It’s never easy being the new kid at school… particularly when that school is Astronaut Academy. In this new graphic novel by Dave Roman, Hakata Soy is having trouble fitting in. It’s not regular new kid stuff, either — Hakata is the former leader of Metador, a giant transformer superhero robot, and he came to Astronaut Academy to make a fresh start.
Oh, and there’s a robot doppelganger out to kill him.
First Second Books sent me an advance reader copy of Astronaut Academy: Zero Gravity a few months ago, and it was a pretty fun read. It’s targeted at tweens and teens: there’s some action, some romance, a good deal of school-based social competition, and a lot of silliness. The book was just released earlier this month, and I think it’s great reading for both boys and girls.
The drawings and themes are manga-inspired but have their own style, with bold lines and simple facial features. I did like the artwork but I did have trouble telling some of the characters apart, especially minor ones. (Sometimes you really have to go by the hair style and clothes rather than the face.)
Each chapter is sort of a stand-alone story focusing on one of the characters, with a title section like “My name is: Billy Lee — and I go to: Astronaut Academy.” The chapters vary in length and are just little vignettes about the various kids and teachers, but put together there is an overarching plot as well (involving that robot doppelganger, among other things). There are lots of geeky references: Metador is clearly a play on Voltron; the robot sometimes speaks in an 8-bit typeface. One class on humanities focuses on hearts:
Traditionally you start off with only one heart and are given 1-2 additional hearts by parents or guardians. Although money can’t buy you love, extra hearts can be traded or given away as tokens of affection. … Heart containers allow for safe storage and preservation from emotional damage.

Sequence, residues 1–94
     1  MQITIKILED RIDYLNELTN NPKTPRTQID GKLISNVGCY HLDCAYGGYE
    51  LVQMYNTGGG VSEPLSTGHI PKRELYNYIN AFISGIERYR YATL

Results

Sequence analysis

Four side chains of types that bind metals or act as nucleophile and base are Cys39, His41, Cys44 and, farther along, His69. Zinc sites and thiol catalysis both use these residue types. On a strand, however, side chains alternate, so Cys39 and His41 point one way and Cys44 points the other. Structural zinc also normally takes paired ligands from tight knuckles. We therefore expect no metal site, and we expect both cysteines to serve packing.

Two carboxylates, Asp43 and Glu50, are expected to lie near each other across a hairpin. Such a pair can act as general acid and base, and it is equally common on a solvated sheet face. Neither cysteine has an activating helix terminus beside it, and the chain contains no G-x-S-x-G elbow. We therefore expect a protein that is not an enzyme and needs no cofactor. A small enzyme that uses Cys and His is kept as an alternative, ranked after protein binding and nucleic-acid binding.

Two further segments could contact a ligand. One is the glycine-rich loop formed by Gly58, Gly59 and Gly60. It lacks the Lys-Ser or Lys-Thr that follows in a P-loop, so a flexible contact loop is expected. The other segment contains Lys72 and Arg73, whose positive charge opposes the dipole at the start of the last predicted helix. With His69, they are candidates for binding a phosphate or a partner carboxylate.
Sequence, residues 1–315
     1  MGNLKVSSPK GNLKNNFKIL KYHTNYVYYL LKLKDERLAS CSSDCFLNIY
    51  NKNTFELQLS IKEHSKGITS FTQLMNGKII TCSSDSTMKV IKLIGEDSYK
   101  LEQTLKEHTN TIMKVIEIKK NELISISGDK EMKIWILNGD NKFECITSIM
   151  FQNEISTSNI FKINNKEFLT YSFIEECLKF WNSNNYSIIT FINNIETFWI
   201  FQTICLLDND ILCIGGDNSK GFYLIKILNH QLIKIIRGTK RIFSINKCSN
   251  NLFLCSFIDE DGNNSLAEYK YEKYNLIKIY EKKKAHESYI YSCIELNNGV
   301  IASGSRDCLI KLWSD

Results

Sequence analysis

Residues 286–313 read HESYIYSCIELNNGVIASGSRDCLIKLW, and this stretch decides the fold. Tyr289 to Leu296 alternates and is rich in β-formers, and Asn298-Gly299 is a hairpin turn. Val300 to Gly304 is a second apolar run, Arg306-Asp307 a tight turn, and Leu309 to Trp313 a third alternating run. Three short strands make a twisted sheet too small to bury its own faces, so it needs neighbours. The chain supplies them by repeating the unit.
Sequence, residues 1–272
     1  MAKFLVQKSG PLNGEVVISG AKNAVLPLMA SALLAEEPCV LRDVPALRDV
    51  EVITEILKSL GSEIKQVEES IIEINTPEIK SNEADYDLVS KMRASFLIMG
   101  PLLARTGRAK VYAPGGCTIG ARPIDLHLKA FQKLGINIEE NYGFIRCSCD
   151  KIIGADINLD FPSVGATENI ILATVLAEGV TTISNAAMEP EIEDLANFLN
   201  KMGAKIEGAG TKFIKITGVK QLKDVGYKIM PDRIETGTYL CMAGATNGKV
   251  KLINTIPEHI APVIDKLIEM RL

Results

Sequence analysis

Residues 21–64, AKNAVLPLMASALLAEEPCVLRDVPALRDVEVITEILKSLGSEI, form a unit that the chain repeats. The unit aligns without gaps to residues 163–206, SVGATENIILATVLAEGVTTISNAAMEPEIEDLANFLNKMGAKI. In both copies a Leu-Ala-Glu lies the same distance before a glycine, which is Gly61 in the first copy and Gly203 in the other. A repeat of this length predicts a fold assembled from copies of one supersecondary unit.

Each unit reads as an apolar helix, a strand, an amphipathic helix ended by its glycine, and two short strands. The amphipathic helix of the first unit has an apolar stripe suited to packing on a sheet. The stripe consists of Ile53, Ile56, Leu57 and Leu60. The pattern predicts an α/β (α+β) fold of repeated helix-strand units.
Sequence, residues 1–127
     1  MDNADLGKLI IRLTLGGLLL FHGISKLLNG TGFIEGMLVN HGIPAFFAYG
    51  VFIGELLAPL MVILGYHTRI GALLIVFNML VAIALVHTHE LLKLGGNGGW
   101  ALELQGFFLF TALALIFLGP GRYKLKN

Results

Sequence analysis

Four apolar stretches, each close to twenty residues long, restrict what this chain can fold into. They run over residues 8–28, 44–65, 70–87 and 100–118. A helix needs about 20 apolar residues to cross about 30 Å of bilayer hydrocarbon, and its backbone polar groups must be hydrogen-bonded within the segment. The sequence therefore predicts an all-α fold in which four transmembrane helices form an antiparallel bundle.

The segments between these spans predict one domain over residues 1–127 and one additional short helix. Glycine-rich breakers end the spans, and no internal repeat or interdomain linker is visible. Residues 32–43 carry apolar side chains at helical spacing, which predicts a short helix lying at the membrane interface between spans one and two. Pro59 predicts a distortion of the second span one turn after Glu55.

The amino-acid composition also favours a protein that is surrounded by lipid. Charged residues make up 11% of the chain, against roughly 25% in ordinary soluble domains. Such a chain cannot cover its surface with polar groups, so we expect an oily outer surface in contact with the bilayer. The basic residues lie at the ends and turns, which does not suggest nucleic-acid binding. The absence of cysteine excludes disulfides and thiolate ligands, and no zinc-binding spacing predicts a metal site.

(The heart container in question should look pretty familiar for anyone who’s played Mega Man, and Roman plays with the idea of hearts both as health and as a romantic notion.)
The writing is a bit quirky. Some of the characters speak in a purposely stilted manner, like it’s been run through a poor translation algorithm to a different language and then back to English. And there are characters that speak in redundancies like “I couldn’t help but overhear because I was eavesdropping.” I’m sure it was intentional because not every character talked like that, but there also didn’t seem to be a good pattern to me which ones did and which ones didn’t. In general, I’m not a fan of bad grammar, intentional or not. Reading parts of Astronaut Academy did give me the sense of watching a translated dubbed film — sometimes it was funny, and at other times it was annoying.
For the most part, though, I thought it was a clever little book and enjoyed reading it. I liked the way the little snippets added up to a bigger story, which kept me reading to find out how everything turned out. The over-emoting kids are great characters, and the ridiculous principal (who carries a ridiculously large sword) is a hoot. You can see him in this preview, which is also the intro to the book.
For a taste of Roman’s drawing style and sense of humor, here’s a short cartoon he did about Art. (While this isn’t from Astronaut Academy, the book does feature a few bunny characters, too.)
If you’ve got tweens and teens who like a bit of sci-fi that doesn’t take itself seriously, enroll them in Astronaut Academy this summer. (And if they enjoy it, there’s a second volume in the works!)
Wired: Great characters, funny vignettes which add up to an entertaining story, good for girls and boys.
Tired: Some of the characters are hard to tell apart; intentionally stilted language might not thrill everyone.